To take on a new production, it involves a great deal of time, energy, money, and effort and pretty much takes over your life for a year or more. So if you’re going to move forward you have to push yourself and remain committed and that’s not always easy. You also have to enjoy the process. I love the production business, and yes it is a business. However, it’s a unique industry in that you’re dealing with many different types of occupations ranging from writers and actors to carpenters and electricians and the personalities you’re involved with can be very interesting. You tend to learn something new every day and that keeps your job from getting boring. However, there are those times where you feel like you’re up against the world and sit back and wonder how you got yourself caught up in an all consuming project. Therefore, you have a lot of projects that you would like to do but just don’t have the support and backing necessary to accomplish them.
After a few more years and several attempts to launch a new project I returned to the idea of telling the story of Corsicana Field and its World War II operations. I thought the subject would be an interesting but manageable project that would also be fun to do. I had no idea just how complex the story of Corsicana Field was. Upon sitting down with the Farleys, I quickly realized the story would be more difficult to tell than I originally thought. To be honest, I felt a little overwhelmed after our meeting. There was so much information and material to work with but here were two very dedicated people (the Farleys) who were willing to help in any way necessary to get the project moving and they would become our consultants and so much more. So the decision was made, “Field of Valor” would be my next endeavor.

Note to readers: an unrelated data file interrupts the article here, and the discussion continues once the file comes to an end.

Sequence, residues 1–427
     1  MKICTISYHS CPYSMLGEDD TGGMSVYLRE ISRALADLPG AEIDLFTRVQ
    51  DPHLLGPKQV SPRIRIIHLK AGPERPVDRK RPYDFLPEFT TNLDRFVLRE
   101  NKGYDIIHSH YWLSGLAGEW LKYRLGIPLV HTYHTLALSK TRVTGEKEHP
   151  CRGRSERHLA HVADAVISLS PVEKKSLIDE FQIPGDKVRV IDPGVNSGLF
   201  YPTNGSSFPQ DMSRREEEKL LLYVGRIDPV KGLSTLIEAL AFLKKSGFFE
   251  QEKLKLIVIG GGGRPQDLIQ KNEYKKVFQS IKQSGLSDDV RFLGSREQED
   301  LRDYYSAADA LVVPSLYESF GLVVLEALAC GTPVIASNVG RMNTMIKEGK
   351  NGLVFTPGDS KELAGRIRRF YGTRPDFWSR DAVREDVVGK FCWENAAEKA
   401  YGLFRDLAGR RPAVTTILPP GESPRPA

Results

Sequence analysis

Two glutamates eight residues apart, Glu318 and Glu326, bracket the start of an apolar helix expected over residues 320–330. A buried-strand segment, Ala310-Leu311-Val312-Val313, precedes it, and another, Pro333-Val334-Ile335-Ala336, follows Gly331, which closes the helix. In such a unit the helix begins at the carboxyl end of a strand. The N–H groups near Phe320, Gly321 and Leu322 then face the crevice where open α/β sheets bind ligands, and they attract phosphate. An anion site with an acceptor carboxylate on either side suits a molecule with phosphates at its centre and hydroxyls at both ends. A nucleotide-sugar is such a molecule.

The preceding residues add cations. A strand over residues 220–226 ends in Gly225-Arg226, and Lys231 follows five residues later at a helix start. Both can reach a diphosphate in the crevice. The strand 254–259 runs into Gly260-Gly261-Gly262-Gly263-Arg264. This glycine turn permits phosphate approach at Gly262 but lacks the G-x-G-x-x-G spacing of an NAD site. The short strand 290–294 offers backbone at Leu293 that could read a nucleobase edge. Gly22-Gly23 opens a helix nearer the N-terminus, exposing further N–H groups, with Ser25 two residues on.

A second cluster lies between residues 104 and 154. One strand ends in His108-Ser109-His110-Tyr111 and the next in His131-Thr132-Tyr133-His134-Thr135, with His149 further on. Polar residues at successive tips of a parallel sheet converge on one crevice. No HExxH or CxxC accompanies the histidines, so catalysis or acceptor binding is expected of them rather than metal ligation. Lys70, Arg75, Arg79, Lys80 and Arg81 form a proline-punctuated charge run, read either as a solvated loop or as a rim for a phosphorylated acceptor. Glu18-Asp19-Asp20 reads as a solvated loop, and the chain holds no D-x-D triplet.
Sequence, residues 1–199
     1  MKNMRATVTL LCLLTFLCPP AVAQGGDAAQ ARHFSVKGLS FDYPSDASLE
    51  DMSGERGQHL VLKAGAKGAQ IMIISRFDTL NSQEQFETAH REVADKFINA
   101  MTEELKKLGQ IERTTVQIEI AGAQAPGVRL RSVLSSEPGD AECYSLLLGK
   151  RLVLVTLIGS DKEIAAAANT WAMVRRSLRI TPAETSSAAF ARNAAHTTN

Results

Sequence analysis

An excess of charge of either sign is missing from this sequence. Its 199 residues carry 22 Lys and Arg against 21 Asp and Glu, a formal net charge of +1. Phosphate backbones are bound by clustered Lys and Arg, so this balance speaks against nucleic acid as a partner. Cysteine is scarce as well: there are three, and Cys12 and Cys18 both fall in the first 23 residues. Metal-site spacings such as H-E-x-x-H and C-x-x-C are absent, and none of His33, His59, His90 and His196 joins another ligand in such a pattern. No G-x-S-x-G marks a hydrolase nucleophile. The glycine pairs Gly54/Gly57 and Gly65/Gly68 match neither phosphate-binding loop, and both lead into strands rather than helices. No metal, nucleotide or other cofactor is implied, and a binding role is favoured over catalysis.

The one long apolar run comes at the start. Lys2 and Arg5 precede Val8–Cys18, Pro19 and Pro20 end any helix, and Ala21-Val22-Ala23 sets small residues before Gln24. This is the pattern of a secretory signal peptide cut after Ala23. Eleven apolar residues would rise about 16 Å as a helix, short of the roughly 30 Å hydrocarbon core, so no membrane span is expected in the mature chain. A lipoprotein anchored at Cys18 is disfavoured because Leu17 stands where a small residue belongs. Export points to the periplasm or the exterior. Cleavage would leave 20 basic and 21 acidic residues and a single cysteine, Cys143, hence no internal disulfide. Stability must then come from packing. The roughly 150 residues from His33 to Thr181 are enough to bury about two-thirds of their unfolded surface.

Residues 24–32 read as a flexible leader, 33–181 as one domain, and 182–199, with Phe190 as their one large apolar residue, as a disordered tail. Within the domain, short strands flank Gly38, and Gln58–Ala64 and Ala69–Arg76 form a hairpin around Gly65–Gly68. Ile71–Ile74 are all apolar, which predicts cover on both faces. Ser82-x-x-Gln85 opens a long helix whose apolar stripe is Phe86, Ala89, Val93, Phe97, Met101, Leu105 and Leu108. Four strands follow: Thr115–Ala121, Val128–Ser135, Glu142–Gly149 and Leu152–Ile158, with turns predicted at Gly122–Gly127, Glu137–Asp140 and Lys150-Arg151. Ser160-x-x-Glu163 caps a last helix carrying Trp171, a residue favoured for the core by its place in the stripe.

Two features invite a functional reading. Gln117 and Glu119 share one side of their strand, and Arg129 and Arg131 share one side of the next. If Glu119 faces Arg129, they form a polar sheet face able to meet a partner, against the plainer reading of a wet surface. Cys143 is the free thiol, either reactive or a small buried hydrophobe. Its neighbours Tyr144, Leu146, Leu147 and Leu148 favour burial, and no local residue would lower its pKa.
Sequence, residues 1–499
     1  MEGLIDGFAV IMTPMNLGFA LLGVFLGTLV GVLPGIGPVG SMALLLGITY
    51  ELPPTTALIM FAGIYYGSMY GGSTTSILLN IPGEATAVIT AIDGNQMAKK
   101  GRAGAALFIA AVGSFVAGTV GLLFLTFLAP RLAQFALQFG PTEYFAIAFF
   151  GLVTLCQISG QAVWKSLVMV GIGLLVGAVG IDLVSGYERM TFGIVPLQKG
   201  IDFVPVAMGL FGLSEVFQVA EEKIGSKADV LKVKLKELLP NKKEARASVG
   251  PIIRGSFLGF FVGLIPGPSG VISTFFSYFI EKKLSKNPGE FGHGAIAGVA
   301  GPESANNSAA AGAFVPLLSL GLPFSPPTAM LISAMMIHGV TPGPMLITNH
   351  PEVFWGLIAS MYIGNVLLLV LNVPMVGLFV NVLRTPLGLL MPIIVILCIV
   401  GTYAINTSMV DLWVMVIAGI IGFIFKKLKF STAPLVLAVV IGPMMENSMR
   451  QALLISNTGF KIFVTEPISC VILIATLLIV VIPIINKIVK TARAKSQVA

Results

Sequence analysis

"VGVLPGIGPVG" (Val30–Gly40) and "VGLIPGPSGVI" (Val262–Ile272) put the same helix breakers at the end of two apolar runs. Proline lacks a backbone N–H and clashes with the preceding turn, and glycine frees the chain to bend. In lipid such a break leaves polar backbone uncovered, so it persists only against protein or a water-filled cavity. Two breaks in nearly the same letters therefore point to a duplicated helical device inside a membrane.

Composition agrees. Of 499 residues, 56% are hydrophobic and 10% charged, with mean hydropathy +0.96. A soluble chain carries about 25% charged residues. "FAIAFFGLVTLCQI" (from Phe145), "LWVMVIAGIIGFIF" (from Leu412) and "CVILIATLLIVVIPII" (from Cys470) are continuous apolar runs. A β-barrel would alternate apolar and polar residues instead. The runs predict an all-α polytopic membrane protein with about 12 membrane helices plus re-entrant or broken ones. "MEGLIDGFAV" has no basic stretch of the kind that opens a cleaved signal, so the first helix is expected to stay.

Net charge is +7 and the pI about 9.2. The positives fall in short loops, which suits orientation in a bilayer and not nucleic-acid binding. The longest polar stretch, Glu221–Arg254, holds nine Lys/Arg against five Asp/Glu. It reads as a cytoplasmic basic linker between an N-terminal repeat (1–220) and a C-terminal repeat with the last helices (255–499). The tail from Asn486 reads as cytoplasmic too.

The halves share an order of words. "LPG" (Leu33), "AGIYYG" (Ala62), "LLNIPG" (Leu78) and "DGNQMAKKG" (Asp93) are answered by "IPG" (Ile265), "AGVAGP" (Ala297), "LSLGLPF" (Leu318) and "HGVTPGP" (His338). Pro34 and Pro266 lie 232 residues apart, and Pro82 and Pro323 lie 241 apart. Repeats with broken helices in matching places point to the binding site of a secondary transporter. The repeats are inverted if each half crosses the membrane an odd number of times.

At that point, I felt that to do the project right we needed to incorporate some re-enactment scenes within the documentary to add a dramatic quality to it. I called an associate of mine in Phoenix, James Brandt, and asked if he’d be interested in writing the program if I would produce and direct. He accepted the role as writer as well as co-producer and we began working through script ideas. Then, I sought out Lloyd Huffman as director of photography who I have known and worked with since the late 80’s. He would work with us to set up the shots for the local interviews and re-enactment scenes which were to be a key part of the production.